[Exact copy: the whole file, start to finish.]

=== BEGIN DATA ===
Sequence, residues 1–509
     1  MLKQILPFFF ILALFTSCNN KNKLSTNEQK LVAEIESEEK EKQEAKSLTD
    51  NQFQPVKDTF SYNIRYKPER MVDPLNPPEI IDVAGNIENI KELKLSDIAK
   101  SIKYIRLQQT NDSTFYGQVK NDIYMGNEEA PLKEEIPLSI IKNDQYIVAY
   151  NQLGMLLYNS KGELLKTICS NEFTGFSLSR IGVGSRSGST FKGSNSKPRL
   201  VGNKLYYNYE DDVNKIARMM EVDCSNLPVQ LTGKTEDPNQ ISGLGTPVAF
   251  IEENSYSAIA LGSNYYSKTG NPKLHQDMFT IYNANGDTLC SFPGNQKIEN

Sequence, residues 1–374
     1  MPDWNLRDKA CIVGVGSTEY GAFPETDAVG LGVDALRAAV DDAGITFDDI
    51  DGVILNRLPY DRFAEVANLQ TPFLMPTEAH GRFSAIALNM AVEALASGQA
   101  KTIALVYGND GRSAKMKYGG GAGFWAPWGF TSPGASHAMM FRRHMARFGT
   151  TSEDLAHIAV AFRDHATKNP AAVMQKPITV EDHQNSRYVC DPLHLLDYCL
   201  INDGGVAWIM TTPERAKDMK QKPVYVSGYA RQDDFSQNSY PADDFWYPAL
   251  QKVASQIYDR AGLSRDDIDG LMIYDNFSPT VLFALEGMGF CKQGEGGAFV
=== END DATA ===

Sequence, residues 1–509
     1  MLKQILPFFF ILALFTSCNN KNKLSTNEQK LVAEIESEEK EKQEAKSLTD
    51  NQFQPVKDTF SYNIRYKPER MVDPLNPPEI IDVAGNIENI KELKLSDIAK
   101  SIKYIRLQQT NDSTFYGQVK NDIYMGNEEA PLKEEIPLSI IKNDQYIVAY
   151  NQLGMLLYNS KGELLKTICS NEFTGFSLSR IGVGSRSGST FKGSNSKPRL
   201  VGNKLYYNYE DDVNKIARMM EVDCSNLPVQ LTGKTEDPNQ ISGLGTPVAF
   251  IEENSYSAIA LGSNYYSKTG NPKLHQDMFT IYNANGDTLC SFPGNQKIEN

Sequence, residues 1–374
     1  MPDWNLRDKA CIVGVGSTEY GAFPETDAVG LGVDALRAAV DDAGITFDDI
    51  DGVILNRLPY DRFAEVANLQ TPFLMPTEAH GRFSAIALNM AVEALASGQA
   101  KTIALVYGND GRSAKMKYGG GAGFWAPWGF TSPGASHAMM FRRHMARFGT
   151  TSEDLAHIAV AFRDHATKNP AAVMQKPITV EDHQNSRYVC DPLHLLDYCL
   201  INDGGVAWIM TTPERAKDMK QKPVYVSGYA RQDDFSQNSY PADDFWYPAL
   251  QKVASQIYDR AGLSRDDIDG LMIYDNFSPT VLFALEGMGF CKQGEGGAFV